I correct or change words, but I can’t rewrite a scene or make a major change because there’s a sense then of someone looking over my shoulder. It’s necessary, anyway, to trust that moment when you were sure at last you had done all you could, done your best for that time. When it’s finally in print, you’re delivered—you don’t ever have to look at it again. It’s too late to worry about its failings. I’ll have to apply any lessons this book has taught me toward writing the next one.

INTERVIEWER

Is Losing Battles a departure from your previous fiction?

WELTY

I wanted to see if I could do something that was new for me: translating every thought and feeling into action and speech, speech being another form of action—to bring the whole life of it off through the completed gesture, so to speak. I felt that I’d been writing too much by way of description, of introspection on the part of my characters. I tried to see if I could make everything shown, brought forth, without benefit of the author’s telling any more about what was going on inside the characters’ minds and hearts. For me, this makes almost certainly for comedy—which I love to write best of all. Now I see it might be a transition toward writing a play.

INTERVIEWER

Did you know what you were going to write before you put it on paper?

WELTY

Yes, it was there in my head, but events proliferated as I went along. For instance, I thought all the action in the novel would be contained in one day and night, but a folder started to fill up with things marked “Next A.M.” I didn’t foresee the stories that grew out of the stories—that was one of the joys of working the novel out. I thought the book would be short, and instead it was three or four times longer than my normal work. There’s no way of estimating its original length because I had great chunks of things in paper clips, which weren’t numbered until they went to the printer. And I must have thrown away at least as much as I kept in the book.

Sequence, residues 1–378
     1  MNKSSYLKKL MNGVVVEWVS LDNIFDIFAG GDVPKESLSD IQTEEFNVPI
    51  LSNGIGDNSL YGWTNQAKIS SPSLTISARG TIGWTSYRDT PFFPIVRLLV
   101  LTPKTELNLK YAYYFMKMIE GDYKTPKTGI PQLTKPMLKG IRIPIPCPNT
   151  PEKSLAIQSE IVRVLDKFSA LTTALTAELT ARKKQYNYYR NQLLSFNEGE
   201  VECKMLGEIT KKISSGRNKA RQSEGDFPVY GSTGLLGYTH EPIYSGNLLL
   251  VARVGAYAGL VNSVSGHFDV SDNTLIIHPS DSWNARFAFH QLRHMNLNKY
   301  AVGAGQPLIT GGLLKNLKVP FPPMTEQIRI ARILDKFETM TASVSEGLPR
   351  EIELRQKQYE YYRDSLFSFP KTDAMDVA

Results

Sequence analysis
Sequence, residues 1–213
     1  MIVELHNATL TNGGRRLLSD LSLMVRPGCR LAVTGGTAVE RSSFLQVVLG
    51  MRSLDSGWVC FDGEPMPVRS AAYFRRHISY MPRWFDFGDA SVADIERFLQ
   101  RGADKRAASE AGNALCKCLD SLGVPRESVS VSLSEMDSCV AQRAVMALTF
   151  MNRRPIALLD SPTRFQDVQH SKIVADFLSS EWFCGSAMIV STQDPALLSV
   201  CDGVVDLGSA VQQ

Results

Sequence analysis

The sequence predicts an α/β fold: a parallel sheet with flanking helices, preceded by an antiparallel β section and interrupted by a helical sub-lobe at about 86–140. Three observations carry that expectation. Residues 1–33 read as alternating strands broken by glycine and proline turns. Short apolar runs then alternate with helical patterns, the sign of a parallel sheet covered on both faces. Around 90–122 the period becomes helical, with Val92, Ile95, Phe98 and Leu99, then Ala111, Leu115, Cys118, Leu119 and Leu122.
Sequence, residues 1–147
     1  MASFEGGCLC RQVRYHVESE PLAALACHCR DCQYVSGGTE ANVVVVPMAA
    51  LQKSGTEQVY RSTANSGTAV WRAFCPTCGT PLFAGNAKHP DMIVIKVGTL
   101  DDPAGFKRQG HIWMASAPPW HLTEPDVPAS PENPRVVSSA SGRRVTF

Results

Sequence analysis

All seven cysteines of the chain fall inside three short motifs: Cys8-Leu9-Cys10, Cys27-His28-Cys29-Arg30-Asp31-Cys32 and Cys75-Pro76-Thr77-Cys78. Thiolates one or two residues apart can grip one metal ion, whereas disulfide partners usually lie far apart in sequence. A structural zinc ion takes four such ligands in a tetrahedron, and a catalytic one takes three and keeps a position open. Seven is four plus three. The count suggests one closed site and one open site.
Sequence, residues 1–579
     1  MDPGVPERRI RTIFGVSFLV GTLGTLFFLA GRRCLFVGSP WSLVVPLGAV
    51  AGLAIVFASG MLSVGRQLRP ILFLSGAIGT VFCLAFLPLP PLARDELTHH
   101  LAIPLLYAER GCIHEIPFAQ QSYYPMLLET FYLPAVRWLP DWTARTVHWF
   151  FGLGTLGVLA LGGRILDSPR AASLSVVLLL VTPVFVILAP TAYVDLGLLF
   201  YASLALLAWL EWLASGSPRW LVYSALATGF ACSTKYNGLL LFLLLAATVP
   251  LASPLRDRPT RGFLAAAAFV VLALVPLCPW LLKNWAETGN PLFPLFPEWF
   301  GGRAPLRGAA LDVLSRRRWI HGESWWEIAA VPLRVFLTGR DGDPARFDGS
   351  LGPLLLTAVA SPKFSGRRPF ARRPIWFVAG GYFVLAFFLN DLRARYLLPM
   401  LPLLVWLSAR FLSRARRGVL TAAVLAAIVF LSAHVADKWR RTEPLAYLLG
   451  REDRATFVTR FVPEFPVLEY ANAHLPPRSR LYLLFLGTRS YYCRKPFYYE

INTERVIEWER

Did you learn anything new about writing dialogue?

WELTY

I believe so. In its beginning, dialogue’s the easiest thing in the world to write when you have a good ear, which I think I have. But as it goes on, it’s the most difficult, because it has so many ways to function. Sometimes I needed to make a speech do three or four or five things at once—reveal what the character said but also what he thought he said, what he hid, what others were going to think he meant, and what they misunderstood, and so forth—all in his single speech. And the speech would have to keep the essence of this one character, his whole particular outlook in concentrated form. This isn’t to say I succeeded. But I guess it explains why dialogue gives me my greatest pleasure in writing. I used to laugh out loud sometimes when I wrote it—the way P. G. Wodehouse is said to do. I’d think of some things my characters would say, and even if I couldn’t use it, I would write the scene out just to let them loose on something—my private show.